Wednesday, June 19, 2013
Born into a musical family in 1958, Jackson’s music career ostensibly began at age five when he began playing congas and tambourine for his brothers’ band. By the time he was eight, he was sharing lead vocal duties with his brother Jermaine, and the Jackson 5 was born. The family band signed with the prestigious Motown label in 1968, and their debut album, Diana Ross Presents the Jackson 5, was released in December of 1969. The group’s first single, “I Want You Back,” hit #1 in January of 1970, and a bona fide pop sensation was born.
Michael’s career as a solo artist began with the release of the album Got to Be There (available now only as part of Hello World, the compilation that collects Jackson’s four solo albums for Motown) in 1972, when he was just thirteen years old. He continued to record and perform with the Jackson 5 as well, eventually becoming the group’s primary songwriter. He branched out in other ways as well, starring as the Scarecrow in 1978’s The Wiz, an African-American spin on The Wizard of Oz. Although the film performed poorly at the box office, it wasn’t a complete failure for Michael—it was during this time that he met Quincy Jones, who arranged the film’s score, and asked him to produce his next album.
The rest, as they say, is history. The following year Jackson released the Jones-produced Off the Wall. The album, released on the Epic label, was an evolution from his work with Motown, incorporating elements of rock and disco. Supported by five singles, the album went on to sell over 20 million copies, earned Jackson his first Grammy Award, and eventually became known as one of the greatest albums of all time. Following up such a massive effort would be no easy task, but in 1982, Jackson and Jones teamed up once again on Thriller, an album even more successful than Off the Wall. Known for its title track and the music video that accompanied it, Thriller won eight Grammy Awards and has become the bestselling album of all-time.
Jackson and Jones would team up one more time, for Bad, released in 1987. While it didn’t quite measure up to the standards set by Thriller—how could it?—it still won six Grammys and became the first album to produce five #1 singles.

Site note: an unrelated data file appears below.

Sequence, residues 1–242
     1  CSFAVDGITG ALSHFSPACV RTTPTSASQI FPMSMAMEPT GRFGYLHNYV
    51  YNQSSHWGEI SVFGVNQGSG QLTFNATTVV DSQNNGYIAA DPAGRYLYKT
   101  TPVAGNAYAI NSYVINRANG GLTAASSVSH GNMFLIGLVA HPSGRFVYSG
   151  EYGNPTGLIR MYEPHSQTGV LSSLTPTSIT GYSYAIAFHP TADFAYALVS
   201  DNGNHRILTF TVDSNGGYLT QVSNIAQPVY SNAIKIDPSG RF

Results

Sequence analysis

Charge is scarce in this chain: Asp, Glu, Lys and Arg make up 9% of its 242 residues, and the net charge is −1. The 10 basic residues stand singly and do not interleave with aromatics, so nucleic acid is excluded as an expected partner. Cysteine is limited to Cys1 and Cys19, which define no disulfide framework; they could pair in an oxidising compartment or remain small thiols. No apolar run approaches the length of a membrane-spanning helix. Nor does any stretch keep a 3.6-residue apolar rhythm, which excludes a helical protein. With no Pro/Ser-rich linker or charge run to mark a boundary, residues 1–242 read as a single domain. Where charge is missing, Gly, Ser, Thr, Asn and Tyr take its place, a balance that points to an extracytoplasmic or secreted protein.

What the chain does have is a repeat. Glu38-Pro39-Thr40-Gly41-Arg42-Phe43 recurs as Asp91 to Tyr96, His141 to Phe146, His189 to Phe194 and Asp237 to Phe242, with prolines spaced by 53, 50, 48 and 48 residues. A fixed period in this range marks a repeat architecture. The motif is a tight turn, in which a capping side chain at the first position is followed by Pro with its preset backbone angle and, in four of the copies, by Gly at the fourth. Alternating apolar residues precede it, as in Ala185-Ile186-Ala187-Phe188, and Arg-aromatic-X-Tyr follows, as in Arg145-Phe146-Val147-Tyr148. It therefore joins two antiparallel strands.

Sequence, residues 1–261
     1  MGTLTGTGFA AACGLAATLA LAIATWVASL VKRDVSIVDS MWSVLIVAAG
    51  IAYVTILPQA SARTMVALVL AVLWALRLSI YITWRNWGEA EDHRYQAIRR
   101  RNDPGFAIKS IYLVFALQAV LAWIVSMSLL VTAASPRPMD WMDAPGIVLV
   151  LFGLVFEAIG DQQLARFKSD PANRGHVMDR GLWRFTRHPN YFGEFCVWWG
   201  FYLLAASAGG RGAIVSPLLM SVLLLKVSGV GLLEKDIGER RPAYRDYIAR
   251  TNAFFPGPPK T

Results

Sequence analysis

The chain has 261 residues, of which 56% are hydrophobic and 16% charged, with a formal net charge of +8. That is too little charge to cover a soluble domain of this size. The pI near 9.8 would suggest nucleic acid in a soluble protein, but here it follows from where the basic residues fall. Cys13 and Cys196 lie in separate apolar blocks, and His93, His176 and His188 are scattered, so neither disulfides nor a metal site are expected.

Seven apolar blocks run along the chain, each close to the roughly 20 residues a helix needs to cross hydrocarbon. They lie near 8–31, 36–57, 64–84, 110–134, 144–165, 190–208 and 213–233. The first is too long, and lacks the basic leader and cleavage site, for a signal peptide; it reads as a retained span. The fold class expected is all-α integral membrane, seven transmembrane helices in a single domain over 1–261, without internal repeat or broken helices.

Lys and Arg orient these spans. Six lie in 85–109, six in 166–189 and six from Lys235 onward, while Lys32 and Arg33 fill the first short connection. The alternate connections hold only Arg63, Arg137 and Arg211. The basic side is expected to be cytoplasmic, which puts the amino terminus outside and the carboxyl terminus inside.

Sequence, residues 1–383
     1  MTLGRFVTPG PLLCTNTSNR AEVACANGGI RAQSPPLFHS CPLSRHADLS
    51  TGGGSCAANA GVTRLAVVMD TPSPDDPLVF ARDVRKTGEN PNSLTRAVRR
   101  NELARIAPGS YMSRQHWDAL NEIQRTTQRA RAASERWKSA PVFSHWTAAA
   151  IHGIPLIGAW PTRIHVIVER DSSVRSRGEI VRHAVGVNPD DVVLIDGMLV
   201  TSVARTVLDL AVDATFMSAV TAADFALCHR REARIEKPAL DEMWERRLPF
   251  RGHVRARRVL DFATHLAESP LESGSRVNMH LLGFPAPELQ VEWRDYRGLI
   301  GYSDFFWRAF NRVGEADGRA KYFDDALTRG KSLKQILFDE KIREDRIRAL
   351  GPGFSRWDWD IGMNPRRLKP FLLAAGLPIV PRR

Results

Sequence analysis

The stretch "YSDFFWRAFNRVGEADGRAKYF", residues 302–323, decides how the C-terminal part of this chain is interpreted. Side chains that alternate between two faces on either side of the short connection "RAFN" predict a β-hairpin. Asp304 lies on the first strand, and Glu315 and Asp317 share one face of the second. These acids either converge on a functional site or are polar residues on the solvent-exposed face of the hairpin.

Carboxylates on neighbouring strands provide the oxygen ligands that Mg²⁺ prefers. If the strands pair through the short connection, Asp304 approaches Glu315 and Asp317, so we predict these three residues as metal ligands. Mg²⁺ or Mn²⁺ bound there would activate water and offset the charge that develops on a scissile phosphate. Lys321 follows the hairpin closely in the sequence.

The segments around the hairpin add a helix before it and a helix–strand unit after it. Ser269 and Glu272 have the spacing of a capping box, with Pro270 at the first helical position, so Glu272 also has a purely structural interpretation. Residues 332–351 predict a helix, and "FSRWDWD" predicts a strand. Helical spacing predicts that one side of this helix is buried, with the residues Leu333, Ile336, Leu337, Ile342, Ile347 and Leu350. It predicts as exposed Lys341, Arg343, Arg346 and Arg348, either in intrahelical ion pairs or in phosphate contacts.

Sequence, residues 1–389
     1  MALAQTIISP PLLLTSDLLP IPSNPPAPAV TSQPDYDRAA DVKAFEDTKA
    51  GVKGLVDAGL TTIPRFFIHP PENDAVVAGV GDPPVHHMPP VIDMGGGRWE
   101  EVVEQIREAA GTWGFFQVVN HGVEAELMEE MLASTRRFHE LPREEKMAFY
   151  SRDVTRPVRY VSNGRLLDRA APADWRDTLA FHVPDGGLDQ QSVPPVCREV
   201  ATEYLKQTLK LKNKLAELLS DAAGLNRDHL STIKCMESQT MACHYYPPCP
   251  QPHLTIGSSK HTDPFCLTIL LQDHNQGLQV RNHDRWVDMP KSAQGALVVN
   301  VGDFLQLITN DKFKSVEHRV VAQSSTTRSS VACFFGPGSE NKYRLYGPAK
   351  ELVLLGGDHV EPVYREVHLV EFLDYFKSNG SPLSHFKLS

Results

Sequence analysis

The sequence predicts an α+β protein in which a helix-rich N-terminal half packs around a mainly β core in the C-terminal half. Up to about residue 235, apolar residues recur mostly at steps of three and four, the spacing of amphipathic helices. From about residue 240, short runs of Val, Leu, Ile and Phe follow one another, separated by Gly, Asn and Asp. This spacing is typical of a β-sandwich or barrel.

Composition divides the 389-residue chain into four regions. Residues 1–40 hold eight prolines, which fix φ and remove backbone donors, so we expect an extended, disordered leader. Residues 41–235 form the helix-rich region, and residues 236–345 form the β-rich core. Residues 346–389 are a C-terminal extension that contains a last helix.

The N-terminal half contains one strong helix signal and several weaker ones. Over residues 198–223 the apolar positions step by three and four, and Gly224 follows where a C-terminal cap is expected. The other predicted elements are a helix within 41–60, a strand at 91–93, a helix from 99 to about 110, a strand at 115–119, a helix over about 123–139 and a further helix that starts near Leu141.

Jackson recorded and released three more albums (Dangerous, HIStory, and Invincible) before well-documented personal scandals began to take a toll on his career. He was rehearsing for a series of comeback performances when he passed away in 2009. His death at age 50 was a seminal cultural moment, causing crashes of such major Internet sites as Google, Twitter, and Wikipedia as people streamed to the Internet for information.
His passing caused a resurgence of interest in his musical career, which had seen little new output since Invincible in 2001. Later that year, the film This Is It was released (with an accompanying soundtrack), documenting Jackson’s rehearsals for the concert series he had planned. Then, in 2010, the posthumous album Michael was released, consisting of material left unfinished when Jackson died.
Four years later, interest in Jackson’s life and music remains strong. Later this month, a new Cirque du Soleil production (separate from its 2011 Immortal World Tour) will pay tribute to Jackson and his music. In addition, rumors continue to swirl about a huge trove of unreleased music that has yet to (officially) see the light of day. It seems safe to say that the world has not heard the last of Michael Jackson.
Make sure your patrons have access to the wide range of CDs, DVDs and Blu-rays, and audiobooks by and about this global music icon. Head over to our website and SmartBrowse “Michael Jackson” and “Jackson 5” to see everything we have to offer.